Omitting only some type arguments from generic functions

When discussing calling generic functions Generics: in, out, where | Kotlin Documentation says “Type arguments can be omitted if they can be inferred from the context”.

Is that only the case if all type arguments can be inferred, or is it the case that if you need to provide one type argument you must provide all of them (even if some of them are provided as _)?

My motivation for this is as follows:

I’m trying to make some code a bit more ergonomic.

I’m modelling data using GitHub - michaelbull/kotlin-result at 1.1.21. This is a Result<V, E> monad, where V is the “success” type, E is the error type.

For most data I have a sealed interface to represent states “data is loading” and “data is loaded”, and classes for errors, e.g.

sealed interface Data {
    data object Loading : Data
    data class Loaded(val data: String) : Data  /* String for demo purposes */

sealed interface AppError {
    data class NetworkError(...)
    data class JsonError(...)
    // etc

fun someApiCall(...) : Result<Data, AppError>

Kotlin-Result provides a map inline function that operates over the Result type, applying a function to the value if it’s Ok, or returning the error unchanged. I generally only need to operate on the contained data if the sub-type is Data.Loaded, so this leads to code like this:

val newData = {
    when (it) {
        is Data.Loading -> it,
        is Data.Loaded -> { /* transform the data in some way */ }

I thought a more ergonomic approach would be to be able to write something like:

val newData = data.mapIfInstance<Data.Loaded> { /* transform the data in some way */ }

and wrote this to do so:

public inline infix fun <V, E, reified T : V> Result<V, E>.mapIfInstance(transform: (T) -> V): Result<V, E> {
    return when (this) {
        is Ok -> (value as? T)?.let { Ok(transform(it)) } ?: this
        is Err -> this

However, if I call this with just the type parameter T, e.g:

val newData = data.mapIfInstance<Data.Loaded> { /* transform */ }

I get:

Inapplicable candidate(s): fun <V, E, reified T : V> Result<V, E>.mapIfInstance(transform: (T) -> V): Result<V, E>

If I call it with all three type parameters it works:

val newData = data.mapIfInstance<Data, AppError, Data.Loaded> { /* transform */ }

I’ve made a few different changes (e.g., to the order of the type paramters in the function declaration) to see if I can get the compiler to infer the missing types V and E when I only provide T, but with no success.

Playground code that shows the problem at Kotlin Playground: Edit, Run, Share Kotlin Code Online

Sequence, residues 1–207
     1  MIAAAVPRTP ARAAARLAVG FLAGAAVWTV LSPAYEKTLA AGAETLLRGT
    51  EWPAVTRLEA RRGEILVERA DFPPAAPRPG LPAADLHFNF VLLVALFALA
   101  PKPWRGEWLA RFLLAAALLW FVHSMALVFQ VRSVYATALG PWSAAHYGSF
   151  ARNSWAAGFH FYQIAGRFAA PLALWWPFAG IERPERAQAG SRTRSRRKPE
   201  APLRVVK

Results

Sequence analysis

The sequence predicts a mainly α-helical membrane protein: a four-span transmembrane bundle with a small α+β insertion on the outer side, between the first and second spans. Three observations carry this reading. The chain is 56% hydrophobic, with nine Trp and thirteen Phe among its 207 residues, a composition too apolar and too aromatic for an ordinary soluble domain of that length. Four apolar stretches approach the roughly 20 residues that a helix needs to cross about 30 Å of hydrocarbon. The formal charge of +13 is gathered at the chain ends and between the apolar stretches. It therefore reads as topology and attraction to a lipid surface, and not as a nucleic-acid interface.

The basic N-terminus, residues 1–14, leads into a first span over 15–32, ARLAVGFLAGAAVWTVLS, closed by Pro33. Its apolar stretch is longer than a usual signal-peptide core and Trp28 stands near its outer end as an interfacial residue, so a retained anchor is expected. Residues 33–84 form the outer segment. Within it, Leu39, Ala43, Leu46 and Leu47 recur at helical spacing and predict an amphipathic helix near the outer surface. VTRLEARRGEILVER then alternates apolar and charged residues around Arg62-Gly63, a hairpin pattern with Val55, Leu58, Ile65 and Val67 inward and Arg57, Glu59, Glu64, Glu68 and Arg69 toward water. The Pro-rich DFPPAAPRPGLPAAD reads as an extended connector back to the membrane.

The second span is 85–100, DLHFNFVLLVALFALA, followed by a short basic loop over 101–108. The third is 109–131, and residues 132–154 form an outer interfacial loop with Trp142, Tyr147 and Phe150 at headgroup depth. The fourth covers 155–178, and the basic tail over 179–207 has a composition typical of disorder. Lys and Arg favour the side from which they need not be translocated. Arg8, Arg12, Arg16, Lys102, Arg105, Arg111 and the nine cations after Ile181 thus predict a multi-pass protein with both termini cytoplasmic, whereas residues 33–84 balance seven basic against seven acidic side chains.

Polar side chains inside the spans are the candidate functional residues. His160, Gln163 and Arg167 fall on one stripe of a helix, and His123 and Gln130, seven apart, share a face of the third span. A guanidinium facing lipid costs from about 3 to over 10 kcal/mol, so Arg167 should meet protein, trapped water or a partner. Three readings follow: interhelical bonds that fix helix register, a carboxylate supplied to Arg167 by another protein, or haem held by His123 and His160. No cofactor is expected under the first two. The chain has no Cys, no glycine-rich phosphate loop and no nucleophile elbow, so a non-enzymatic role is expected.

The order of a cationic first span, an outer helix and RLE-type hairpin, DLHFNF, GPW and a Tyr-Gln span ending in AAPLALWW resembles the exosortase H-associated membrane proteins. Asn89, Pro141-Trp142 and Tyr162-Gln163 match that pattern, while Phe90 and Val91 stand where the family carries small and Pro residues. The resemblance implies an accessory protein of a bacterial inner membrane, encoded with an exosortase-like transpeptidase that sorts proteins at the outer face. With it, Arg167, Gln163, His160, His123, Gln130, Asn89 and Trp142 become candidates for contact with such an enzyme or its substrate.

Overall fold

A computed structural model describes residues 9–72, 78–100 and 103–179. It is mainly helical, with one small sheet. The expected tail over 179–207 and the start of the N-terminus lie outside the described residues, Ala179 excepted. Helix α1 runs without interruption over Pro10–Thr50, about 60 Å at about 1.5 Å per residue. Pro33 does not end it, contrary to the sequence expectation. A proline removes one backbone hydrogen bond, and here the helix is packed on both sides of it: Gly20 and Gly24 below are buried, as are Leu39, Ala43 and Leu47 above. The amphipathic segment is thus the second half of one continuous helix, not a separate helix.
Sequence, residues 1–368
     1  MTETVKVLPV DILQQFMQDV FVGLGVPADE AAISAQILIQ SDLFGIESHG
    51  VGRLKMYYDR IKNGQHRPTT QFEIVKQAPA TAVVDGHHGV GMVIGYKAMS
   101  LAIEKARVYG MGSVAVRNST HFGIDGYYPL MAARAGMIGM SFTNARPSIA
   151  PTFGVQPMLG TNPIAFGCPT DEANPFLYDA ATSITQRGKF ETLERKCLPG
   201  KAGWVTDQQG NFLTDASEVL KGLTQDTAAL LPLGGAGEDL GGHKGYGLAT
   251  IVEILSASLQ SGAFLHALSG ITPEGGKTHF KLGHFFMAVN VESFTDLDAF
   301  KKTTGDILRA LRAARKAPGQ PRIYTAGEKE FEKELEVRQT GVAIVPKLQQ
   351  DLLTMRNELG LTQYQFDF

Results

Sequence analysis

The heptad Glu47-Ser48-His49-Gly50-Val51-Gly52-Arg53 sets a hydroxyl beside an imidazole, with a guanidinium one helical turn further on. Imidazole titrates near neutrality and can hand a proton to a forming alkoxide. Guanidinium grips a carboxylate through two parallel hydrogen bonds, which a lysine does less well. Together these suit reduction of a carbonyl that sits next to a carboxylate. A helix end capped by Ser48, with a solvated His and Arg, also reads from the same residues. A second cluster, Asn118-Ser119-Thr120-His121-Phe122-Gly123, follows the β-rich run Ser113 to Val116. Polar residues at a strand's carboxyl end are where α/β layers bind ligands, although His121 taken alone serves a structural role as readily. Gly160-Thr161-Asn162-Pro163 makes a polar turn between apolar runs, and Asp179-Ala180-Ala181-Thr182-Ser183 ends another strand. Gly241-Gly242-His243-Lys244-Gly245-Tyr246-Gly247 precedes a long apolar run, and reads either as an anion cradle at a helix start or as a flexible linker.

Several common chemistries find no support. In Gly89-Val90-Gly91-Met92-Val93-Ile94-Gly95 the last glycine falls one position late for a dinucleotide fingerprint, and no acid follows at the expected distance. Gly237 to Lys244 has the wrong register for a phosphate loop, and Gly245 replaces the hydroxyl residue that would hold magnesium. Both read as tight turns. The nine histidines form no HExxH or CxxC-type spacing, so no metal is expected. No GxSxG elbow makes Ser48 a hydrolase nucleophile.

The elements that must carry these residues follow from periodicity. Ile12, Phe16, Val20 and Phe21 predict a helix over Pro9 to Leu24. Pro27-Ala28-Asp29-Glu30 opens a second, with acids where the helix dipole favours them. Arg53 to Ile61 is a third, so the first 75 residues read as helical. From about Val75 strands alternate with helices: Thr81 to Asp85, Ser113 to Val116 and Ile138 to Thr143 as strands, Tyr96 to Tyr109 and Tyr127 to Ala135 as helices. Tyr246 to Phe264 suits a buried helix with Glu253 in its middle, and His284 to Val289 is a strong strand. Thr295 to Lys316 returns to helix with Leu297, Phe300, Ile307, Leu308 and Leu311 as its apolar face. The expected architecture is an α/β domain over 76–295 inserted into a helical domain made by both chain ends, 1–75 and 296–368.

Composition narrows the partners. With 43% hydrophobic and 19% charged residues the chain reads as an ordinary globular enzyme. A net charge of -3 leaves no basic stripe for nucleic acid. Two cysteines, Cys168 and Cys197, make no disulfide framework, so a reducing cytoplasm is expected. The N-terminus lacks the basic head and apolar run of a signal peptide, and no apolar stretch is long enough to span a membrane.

Is what I want to achieve possible?

Did you scroll down to the last section of the Kotlin docs you linked? That’s headed Underscore operator for type arguments, and shows how you can use _ in place of any type argument. With that, you can specify some type arguments but not others, in any combination.

(This feature was added in Kotlin 1.7, two years ago.)

Thanks for the suggestion. I’d tried that, and while it does reduce the amount of information that needs to be provided, you still need to provide all three type arguments (even if two of them are _).


val newData = data.mapIfInstance<_, _, Data.Loaded> { /* transform */ }

I’m hoping there’s an approach that lets me only supply the one type argument that can’t be inferred, so the call site looks like:

val newData = data.mapIfInstance<Data.Loaded> { /* transform */ }

I’ve edited the second paragraph of the original question to make this clearer.

You could use this TypeWrapper approach:

public inline fun <V, E, reified T : V> Result<V, E>.mapIfInstance(type: TypeWrapper<T> = type(), transform: (T) -> V): Result<V, E> {
    return when (this) {
        is Ok -> (value as? T)?.let { Ok(transform(it)) } ?: this
        is Err -> this

sealed interface TypeWrapper<out T> {
    object IMPL: TypeWrapper<Nothing>

fun <T> type(): TypeWrapper<T> = TypeWrapper.IMPL
fun main() {
	println(y.mapIfInstance(type<Data.Loaded>()) { Data.Loaded("world") })

Or you could also help the compiler infer the type by specifying it on the lambda:

println(x.mapIfInstance { _: Data.Loaded -> Data.Loaded("world")})

Oh, that’s great, thanks. About as ergonomic as it can get I think.

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Related issue:

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